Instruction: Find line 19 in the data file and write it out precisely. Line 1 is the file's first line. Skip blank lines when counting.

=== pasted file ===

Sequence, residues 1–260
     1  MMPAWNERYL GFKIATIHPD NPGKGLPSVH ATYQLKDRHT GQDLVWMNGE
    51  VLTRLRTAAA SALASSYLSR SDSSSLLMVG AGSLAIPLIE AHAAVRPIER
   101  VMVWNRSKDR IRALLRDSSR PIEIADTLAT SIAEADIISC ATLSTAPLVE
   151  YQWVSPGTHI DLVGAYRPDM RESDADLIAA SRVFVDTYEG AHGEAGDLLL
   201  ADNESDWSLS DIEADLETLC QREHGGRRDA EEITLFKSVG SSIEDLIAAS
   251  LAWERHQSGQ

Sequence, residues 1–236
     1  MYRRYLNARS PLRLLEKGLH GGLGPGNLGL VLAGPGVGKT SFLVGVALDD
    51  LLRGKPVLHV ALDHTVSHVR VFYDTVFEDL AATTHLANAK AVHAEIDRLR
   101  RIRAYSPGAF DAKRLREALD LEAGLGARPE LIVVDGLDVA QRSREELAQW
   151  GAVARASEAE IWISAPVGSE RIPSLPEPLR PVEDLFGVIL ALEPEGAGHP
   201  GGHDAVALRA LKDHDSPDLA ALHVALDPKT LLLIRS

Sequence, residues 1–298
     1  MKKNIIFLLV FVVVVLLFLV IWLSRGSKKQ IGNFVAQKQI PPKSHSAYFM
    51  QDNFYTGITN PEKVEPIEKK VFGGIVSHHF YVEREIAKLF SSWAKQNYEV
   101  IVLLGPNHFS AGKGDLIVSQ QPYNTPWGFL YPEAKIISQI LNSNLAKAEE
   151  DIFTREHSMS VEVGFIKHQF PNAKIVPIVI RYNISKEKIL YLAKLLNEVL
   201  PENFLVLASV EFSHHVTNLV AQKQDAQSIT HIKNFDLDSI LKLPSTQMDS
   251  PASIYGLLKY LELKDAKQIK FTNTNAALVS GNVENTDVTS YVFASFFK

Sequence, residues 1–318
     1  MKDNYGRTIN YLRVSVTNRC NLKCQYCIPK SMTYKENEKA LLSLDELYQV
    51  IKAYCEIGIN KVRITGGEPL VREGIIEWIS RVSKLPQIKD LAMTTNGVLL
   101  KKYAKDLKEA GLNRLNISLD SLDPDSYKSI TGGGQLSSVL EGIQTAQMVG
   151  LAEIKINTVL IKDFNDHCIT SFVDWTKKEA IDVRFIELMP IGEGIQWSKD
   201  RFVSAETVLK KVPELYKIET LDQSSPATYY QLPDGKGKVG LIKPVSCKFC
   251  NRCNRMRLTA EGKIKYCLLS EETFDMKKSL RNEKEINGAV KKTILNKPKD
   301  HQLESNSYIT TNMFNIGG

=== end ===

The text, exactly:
   201  PENFLVLASV EFSHHVTNLV AQKQDAQSIT HIKNFDLDSI LKLPSTQMDS